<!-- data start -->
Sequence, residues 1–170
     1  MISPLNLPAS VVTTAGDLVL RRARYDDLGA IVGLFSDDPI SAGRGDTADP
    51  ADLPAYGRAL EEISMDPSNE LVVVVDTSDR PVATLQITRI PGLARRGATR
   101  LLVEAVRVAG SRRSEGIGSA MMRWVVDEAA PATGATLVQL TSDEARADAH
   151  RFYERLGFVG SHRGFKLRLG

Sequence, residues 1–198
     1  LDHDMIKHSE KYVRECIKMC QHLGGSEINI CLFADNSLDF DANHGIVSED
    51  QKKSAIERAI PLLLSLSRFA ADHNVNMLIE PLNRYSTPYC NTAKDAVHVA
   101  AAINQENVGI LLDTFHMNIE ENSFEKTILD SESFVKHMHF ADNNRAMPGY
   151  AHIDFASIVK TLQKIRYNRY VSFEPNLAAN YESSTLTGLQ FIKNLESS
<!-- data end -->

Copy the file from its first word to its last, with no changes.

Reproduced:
Sequence, residues 1–170
     1  MISPLNLPAS VVTTAGDLVL RRARYDDLGA IVGLFSDDPI SAGRGDTADP
    51  ADLPAYGRAL EEISMDPSNE LVVVVDTSDR PVATLQITRI PGLARRGATR
   101  LLVEAVRVAG SRRSEGIGSA MMRWVVDEAA PATGATLVQL TSDEARADAH
   151  RFYERLGFVG SHRGFKLRLG

Sequence, residues 1–198
     1  LDHDMIKHSE KYVRECIKMC QHLGGSEINI CLFADNSLDF DANHGIVSED
    51  QKKSAIERAI PLLLSLSRFA ADHNVNMLIE PLNRYSTPYC NTAKDAVHVA
   101  AAINQENVGI LLDTFHMNIE ENSFEKTILD SESFVKHMHF ADNNRAMPGY
   151  AHIDFASIVK TLQKIRYNRY VSFEPNLAAN YESSTLTGLQ FIKNLESS